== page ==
In Boston, 1868, The Massachusetts Institute of Technology is preparing to graduate its first ever class of seniors. The esteemed MIT of 2012 is not the same institution of 1868. In 1868 MIT is struggling to prove its worth next to the time-honored traditions of Harvard and the taboos connected with "technology." The unions are opposed to "Tech" because they fear the resulting loss of jobs if engineers, chemists, physicists, architects discover new and efficient ways to do the work physical labor has always provided. The traditionalists of Harvard see Tech as unworthy because of the lack of humanities and lack of God. And as is human nature, everyone fears what is new and unknown. So the Massachusetts Institute of Technology has to prove itself at every turn.
In the midst of MIT's struggles for recognition, a catastrophe sieges the Boston harbor. On a fog-filled night, ships coming into and going out of the harbor suddenly find their compasses have all gone haywire, spinning bizarrely out of control. The result is massive destruction as ships crash into each other and the piers. At first it is written off as a freak of nature phenomenon. But when that event is followed up by an incredible melting of glass throughout the business district, a police investigation sets out to uncover what or who is causing all the mayhem. The Boston Police Department opt to recruit the head of Harvard's science department in their investigation, and the Board at Tech decides to stay completely out of the case to avoid any bad publicity. But a group of Tech seniors and the first female Tech student - dubbing themselves "The Technologists" - decide they have to disregard the mandate and probe into these strange and devastating events. The future of MIT could depend on their success, but someone is determined to stop them one way or another.
THE TECHNOLOGISTS embodies all the characteristics of great historical fiction as well as great thriller writing. The authenticity of the time period comes through in the setting as well as mannerisms of the characters. The strength of the research is evident in the detail, while still leaving enough to the fictional plot.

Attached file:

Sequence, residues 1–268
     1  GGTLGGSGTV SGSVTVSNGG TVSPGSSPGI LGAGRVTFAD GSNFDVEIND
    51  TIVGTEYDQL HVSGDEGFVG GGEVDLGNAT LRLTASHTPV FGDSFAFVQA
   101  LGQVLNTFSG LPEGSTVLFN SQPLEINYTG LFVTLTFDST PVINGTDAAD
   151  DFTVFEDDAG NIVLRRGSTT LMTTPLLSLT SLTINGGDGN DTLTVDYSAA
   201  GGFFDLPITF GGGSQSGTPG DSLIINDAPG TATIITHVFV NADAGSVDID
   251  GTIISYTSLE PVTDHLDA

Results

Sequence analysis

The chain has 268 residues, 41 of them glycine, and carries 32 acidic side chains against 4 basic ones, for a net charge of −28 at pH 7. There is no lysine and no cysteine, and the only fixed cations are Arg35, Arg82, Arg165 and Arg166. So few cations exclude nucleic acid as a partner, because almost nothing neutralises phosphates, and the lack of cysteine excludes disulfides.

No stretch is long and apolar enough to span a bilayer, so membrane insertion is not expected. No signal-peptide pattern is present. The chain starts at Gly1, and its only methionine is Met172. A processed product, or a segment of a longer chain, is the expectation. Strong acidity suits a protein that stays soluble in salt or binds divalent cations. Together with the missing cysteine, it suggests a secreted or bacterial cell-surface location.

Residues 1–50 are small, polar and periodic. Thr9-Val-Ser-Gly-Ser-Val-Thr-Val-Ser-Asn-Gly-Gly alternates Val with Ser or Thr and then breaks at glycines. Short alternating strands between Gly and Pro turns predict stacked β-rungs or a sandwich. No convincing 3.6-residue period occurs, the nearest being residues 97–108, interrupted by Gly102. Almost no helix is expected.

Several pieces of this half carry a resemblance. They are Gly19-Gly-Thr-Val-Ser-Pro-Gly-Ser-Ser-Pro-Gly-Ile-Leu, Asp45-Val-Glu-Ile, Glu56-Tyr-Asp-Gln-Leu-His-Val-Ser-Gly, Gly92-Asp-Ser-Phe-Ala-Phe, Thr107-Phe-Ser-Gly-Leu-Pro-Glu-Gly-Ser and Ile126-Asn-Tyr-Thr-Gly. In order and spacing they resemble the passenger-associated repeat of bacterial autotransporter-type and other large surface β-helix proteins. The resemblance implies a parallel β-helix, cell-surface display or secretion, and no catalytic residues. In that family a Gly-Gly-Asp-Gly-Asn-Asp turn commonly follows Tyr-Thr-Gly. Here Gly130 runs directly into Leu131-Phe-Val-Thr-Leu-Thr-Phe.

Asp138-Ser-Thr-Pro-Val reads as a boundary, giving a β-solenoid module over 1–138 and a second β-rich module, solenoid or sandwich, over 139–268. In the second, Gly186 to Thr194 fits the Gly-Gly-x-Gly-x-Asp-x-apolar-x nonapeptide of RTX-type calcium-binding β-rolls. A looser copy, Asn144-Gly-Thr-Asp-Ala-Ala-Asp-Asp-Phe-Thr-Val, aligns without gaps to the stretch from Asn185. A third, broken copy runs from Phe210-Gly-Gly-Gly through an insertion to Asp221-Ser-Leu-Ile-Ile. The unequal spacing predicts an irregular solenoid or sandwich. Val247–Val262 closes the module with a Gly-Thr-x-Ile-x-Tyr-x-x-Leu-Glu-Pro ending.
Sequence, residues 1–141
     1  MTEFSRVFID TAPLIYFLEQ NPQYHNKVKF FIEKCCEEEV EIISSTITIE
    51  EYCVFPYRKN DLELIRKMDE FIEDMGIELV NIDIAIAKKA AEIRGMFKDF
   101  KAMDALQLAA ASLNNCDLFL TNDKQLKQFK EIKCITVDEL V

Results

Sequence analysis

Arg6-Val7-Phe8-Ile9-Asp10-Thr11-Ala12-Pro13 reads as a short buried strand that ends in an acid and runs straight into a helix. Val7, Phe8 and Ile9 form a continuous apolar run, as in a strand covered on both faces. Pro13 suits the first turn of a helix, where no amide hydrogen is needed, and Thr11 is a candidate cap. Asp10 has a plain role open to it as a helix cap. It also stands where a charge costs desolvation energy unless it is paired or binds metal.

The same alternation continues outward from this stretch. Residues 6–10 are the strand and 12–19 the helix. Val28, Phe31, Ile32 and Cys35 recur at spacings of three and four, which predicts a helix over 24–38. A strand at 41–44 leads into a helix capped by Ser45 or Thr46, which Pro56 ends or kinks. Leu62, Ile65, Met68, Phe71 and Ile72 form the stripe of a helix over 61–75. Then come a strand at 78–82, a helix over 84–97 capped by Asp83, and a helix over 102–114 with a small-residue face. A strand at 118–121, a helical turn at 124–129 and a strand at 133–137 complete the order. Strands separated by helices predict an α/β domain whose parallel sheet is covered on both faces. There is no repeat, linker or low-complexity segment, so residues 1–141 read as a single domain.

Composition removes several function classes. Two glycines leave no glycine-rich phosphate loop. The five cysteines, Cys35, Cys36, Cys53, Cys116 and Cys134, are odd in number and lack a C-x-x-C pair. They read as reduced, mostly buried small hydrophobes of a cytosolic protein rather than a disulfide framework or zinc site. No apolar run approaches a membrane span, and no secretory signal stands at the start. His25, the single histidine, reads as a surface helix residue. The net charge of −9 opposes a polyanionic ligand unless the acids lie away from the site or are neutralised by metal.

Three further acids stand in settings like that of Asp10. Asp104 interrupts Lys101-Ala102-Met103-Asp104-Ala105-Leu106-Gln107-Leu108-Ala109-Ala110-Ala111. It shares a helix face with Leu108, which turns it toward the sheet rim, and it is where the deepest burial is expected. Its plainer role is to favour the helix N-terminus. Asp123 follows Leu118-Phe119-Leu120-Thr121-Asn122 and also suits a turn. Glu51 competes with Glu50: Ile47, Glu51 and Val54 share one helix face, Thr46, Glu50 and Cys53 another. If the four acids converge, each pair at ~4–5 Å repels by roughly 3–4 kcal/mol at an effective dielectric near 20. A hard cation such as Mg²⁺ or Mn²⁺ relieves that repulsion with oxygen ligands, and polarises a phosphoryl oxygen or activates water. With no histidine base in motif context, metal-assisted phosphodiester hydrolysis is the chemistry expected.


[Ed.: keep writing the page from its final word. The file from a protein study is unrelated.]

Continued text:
The storyline includes several well placed twists, and despite its almost 470 pages, the pace is swift and the plot is tight. As Pearl adroitly blends the historical novel with the thriller, so does he blend themes of man and nature. He challenges perceptions in much the same way MIT did at its birth:
"That is technology - our way to become closer to being like the animals."
"I believe the scientific arts represent the mind of God better than any other human endeavor."
And most poignantly, Pearl shows the double-edged sword of technology. Through the tragedies of Boston as well as flashbacks to the Civil War, he exposes the evils that are equally possible.
The characters are the true gems of this novel, however. Pearl's "Technologists" each have their own role, blending unique qualities with some stereotypes. But before you jump to conclusions about my use of the word stereotypes, let me further expound that the blending makes the characters rich, humorous and convincing. His inclusion of Miss Ellen Swallow is especially significant. Swallow is brilliantly depicted, but she also serves to reflect the ingenuity of MIT at the time as well as adding a vital element to the dynamics of the relationships among the "Technologists."
THE TECHNOLOGISTS wasn't written, it was crafted - and beautifully so. Like the architects and the engineers he writes about, Matthew Pearl constructed a treasure. This is a novel to re-read at least several times to absorb all the layers and subtleties. THE TECHNOLOGISTS is enlightening, it's entertaining and it's story-telling at its best.
THE TECHNOLOGISTS is available now in hardcover (ISBN: 9781400066575) from Random House and for my audiobook fans, it's is also available in unabridged audio (ISBN: 9780739344309) from Random House Audio, narrated by Stephen Hoye.
My review today is part of the TLC book blog tour. You can check out the other blogs who have reviewed THE TECHNOLOGISTS and see what they have to say about it.
I also encourage you to read Matthew Pearl's short story, "The Lady in the Basement," about Ellen Swallow - taking place prior to THE TECHNOLOGISTS - that he published in five parts at the Five Chapters site. Because I found myself constantly running to Google to check on historical elements of the book, I also especially liked this article Pearl wrote about research he did on MIT pranks. Yes, I've been a tad bit consumed by this book. If you enjoy it half as much as I have, you'll get your money's worth and then some.
But, I'll foot the bill for someone here to read it. Well, actually, I'm not footing the bill on this one. But, I do have a copy to give away to a lucky reader (sorry US/Canada residents only on this one). For your entry in the giveaway, just tell me in the comments one technological invention you're very happy you do not have to live without. I'll pick a winner from the entries on March 9th. Good luck...and happy reading!